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Eur J Ophthalmol. 2009 Jul-Aug;19(4):572-9.

Dry eye syndrome-related quality of life in glaucoma patients.

Author information

1
UO Oculistica, AO Bolognini, Seriate, Bergamo - Italy. gemma.rossi.md@gmail.com

Abstract

PURPOSE:

To verify the presence of dry eye syndrome (DES) in treated patients with glaucoma and to analyze DES's impact on the patients' quality of life (QOL) versus the control group.

METHODS:

In this observational cross-sectional study, 61 patients were enrolled at a clinical practice. Patients were divided into three groups by number of glaucoma drops instilled per day (G1=1 drop/day, G2=2 drops/day, G3=3 drops/day). A control group of 20 subjects was also selected (G0). All subjects were submitted to a complete ocular examination (including tear function and ocular surface status) and completed the 25-item National Eye Institute Visual Function Questionnaire (NEI-VFQ), Glaucoma Symptom Scale (GSS) questionnaire, and Ocular Surface Disease Index (OSDI). DES was defined as presence of punctate keratitis and decreased break-up time. Statistical analysis was performed applying the Kruskal-Wallis analysis of variance and Mann-Whitney U tests (to compare median values between groups) as well as the chi2 and Fisher test (to verify significant differences).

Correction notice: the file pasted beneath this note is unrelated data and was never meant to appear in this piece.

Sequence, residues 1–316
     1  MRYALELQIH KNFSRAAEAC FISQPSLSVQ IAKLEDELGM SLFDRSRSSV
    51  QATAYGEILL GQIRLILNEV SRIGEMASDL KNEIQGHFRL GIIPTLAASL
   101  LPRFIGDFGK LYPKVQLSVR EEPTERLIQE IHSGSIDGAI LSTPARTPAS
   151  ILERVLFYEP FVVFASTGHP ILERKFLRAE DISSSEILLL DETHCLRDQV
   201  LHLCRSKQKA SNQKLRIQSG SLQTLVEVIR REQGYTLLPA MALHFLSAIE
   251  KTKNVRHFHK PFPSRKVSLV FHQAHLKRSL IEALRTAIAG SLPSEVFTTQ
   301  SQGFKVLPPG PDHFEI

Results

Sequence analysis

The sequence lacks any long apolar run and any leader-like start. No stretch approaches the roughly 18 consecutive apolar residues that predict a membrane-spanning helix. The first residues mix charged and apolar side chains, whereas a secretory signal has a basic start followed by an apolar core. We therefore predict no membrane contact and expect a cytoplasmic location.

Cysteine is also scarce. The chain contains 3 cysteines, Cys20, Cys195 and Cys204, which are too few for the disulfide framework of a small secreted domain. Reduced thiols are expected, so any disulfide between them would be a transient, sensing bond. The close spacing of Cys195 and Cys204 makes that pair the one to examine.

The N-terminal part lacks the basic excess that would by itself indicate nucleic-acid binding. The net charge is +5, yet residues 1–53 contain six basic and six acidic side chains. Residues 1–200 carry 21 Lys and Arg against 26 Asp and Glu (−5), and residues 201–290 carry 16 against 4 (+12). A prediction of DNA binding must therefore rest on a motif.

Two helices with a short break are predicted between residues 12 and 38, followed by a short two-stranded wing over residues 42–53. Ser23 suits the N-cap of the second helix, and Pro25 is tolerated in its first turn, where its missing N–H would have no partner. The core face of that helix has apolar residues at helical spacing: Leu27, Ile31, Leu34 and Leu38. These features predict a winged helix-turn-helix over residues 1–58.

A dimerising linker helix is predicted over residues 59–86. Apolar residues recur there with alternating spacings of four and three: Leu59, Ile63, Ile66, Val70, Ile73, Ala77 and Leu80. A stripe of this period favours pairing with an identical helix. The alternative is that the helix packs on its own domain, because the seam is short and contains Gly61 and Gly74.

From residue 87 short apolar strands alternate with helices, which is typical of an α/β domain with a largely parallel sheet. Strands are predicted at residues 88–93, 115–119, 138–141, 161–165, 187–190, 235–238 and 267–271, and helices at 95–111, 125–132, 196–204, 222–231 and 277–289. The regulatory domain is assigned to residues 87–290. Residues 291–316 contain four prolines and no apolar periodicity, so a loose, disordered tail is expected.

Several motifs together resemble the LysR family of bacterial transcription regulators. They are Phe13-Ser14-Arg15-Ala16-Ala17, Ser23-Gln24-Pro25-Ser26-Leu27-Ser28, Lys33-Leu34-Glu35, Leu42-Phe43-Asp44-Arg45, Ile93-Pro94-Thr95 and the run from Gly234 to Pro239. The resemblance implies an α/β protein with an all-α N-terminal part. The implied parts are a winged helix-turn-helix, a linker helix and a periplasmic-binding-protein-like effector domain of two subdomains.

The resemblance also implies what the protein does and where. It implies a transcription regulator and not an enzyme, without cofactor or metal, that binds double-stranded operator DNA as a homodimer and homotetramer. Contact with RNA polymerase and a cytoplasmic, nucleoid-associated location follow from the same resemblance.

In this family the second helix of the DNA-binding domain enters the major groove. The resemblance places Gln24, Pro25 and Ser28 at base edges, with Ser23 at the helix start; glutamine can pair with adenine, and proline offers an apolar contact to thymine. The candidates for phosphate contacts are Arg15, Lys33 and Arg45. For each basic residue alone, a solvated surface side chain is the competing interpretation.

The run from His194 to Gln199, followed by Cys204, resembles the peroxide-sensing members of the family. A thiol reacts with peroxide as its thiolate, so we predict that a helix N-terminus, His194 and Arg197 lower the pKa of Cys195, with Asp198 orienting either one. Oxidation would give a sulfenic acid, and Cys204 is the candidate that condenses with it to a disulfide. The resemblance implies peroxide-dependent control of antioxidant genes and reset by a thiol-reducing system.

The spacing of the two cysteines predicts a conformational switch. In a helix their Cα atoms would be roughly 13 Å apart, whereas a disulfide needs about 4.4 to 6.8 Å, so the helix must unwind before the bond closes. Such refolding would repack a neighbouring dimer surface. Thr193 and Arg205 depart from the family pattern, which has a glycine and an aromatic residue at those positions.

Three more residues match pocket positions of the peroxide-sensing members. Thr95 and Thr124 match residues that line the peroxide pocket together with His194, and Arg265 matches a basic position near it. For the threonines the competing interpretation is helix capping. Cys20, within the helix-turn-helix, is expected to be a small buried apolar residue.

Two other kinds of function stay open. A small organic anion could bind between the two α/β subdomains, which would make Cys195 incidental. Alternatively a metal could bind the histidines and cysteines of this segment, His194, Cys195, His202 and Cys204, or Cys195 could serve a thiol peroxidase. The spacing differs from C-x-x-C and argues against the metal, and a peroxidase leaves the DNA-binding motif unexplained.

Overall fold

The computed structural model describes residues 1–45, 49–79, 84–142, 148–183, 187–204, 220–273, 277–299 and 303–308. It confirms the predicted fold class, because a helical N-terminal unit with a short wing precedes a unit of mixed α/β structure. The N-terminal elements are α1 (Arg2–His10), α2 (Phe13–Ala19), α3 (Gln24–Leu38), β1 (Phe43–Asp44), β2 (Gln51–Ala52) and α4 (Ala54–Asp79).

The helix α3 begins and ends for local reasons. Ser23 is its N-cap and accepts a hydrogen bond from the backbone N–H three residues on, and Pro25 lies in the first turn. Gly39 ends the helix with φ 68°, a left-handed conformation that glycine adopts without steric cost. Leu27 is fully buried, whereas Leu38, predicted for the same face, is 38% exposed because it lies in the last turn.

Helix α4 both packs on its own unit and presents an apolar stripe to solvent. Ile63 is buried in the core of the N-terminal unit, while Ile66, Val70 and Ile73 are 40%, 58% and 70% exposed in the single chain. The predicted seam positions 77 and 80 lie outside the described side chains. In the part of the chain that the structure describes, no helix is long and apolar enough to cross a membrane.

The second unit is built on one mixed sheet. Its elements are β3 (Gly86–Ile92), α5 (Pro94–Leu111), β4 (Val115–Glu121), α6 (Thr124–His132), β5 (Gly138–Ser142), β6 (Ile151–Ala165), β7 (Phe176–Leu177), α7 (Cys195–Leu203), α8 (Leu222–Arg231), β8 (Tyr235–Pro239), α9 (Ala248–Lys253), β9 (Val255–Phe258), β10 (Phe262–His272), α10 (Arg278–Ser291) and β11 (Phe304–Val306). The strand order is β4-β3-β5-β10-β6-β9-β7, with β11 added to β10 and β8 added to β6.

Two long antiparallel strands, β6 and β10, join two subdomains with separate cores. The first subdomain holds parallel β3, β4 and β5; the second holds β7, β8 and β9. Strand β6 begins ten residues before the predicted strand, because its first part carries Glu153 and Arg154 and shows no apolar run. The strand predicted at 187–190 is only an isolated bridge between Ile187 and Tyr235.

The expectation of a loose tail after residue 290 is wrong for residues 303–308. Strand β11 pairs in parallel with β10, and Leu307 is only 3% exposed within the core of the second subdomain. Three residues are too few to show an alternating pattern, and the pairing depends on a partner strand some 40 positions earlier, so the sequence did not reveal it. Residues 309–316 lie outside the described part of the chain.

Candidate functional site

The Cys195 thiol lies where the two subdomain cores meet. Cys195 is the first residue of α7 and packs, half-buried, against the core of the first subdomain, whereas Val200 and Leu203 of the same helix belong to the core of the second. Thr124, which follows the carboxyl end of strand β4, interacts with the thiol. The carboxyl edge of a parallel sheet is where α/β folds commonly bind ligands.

RESULTS:

A total of 40% of G3 and 39% of G2 patients presented DES versus 11% of G1 and 5% of G0 (p=0.01). QOL was significantly influenced and altered (NEI-VFQ 25 total mean and GSS total mean and symptoms average: p=0.0085, p=0.006, and p=0.03, respectively). OSDI pointed out differences by group: 26% of G2 and 15% of G3 presented moderate OSDI and 15% of G3 and 8.7% of G2 severe OSDI (p>0.05).

CONCLUSIONS:

Patients with topically treated glaucoma present DES more often than a similar control group (p=0.01). The presence of DES negatively influences the patient's QOL. The patients with glaucoma's ocular surface status should be evaluated regularly to ensure the timely detection and treatment of pathologic signs on the ocular surface.

PMID:
19551671
[Indexed for MEDLINE]

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